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Bill Long (writer)

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Bill Long (writer)

Bill Long
Born (1932-04-28)28 April 1932
Waterford, Republic of Ireland
Died 21 May 2010(2010-05-21) (aged 78)
Occupation Writer, broadcaster
Spouse(s) Peg
Children Four

Bill Long (28 April 1932 – 21 May 2010) was an Irish writer and broadcaster. He often featured on RTÉ Radio 1.[1][2] He was also Ireland's longest surviving heart transplant patient.[2]

Early life

Long was born a Catholic in Waterford in 1932. He lived in a thatched house with his immediate and extended family, including his mother, father, brother and his mother's parents.[2] His father was a grower of vegetables.[2] Long was fond of reading as a child, devouring Henry David Thoreau, Henry Wadsworth Longfellow and Zane Grey, and encountering trouble at school while reading when he was supposed to be paying close attention to his religious studies.[2] His time at a boarding school was funded by a family friend but he quit after two years.[2] He attended a Congregation of Christian Brothers school in Tramore but quit that as well, at the age of 14.[2] He married a wife, Peg, and they had two sons and two daughters.


After leaving school Long enlisted in the navy. He soon left that as well.[2] He began reporting for the Cork Examiner, before transferring to a newspaper in Waterford and then onward to the Irish Press, followed by the Irish Independent and then The Irish Times and even briefly with Raidió Teilifís Éireann.[2] He also worked in Revlon's public relations department. Long resided in London where Raymond Chandler was a next-door neighbour.[2] The two shared in common a youth spent in Waterford so bonded well.[2] Long also went on trips to the United States and South America.[2] He met figures such as Thomas Merton and Katherine Anne Porter, the latter of whom encouraged him to write in earnest.[2] So he left his job at Revlon.[2] While writing he made radio documentaries to generate funds to feed his family.[2] Among these are Singing Ark (which won a Jacobs Award) and the Dylan Thomas documentary Flowering Flood.[2] He featured on RTÉ Radio 1's Sunday Miscellany.[2] Long was also a homiletics lecturer at National University of Ireland, Maynooth (NUIM).[2]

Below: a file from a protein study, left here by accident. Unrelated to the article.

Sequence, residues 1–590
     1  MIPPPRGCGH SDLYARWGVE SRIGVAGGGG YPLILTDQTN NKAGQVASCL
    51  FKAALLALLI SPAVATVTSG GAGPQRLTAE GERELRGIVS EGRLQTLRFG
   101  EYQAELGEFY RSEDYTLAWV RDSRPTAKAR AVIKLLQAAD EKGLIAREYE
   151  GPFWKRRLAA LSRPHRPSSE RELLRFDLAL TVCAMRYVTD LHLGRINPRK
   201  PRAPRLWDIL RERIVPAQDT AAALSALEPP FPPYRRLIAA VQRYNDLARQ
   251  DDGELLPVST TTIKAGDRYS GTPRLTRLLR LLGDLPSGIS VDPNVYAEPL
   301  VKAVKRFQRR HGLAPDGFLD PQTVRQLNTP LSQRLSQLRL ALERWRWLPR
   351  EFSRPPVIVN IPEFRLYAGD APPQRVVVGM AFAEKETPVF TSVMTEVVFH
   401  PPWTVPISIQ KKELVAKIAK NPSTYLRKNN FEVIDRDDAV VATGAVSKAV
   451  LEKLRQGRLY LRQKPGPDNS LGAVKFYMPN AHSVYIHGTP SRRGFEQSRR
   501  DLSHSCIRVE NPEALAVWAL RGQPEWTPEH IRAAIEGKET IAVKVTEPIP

Bright Light, White Water, published in 1993, documented the history of every Irish lighthouse and their keepers off the Irish coast, with Long living inside Howth's Baily lighthouse while writing.[2] Then he underwent a heart attack and a transplant followed in 1994.[2] The transplant and recuperation received public interest – RTÉ filmed a documentary and Long's book, Change of Heart, described what had happened and advocated increased donor awareness.[2] He was able to write and edit further books, completing his memoirs shortly before his death in 2010.[2]


  • Bright Light, White Water (1993)
  • Change of Heart (1994)
  • Brief Encounters: Meetings with Remarkable People (1999)
  • Voices of Connemara (2009), with Raymonde Standun.
  • The Lamp and the Lullaby; tales from a rural childhood (memoir) (2010)


External links

  • New Island
  • In One Life: The Bill Long Interview

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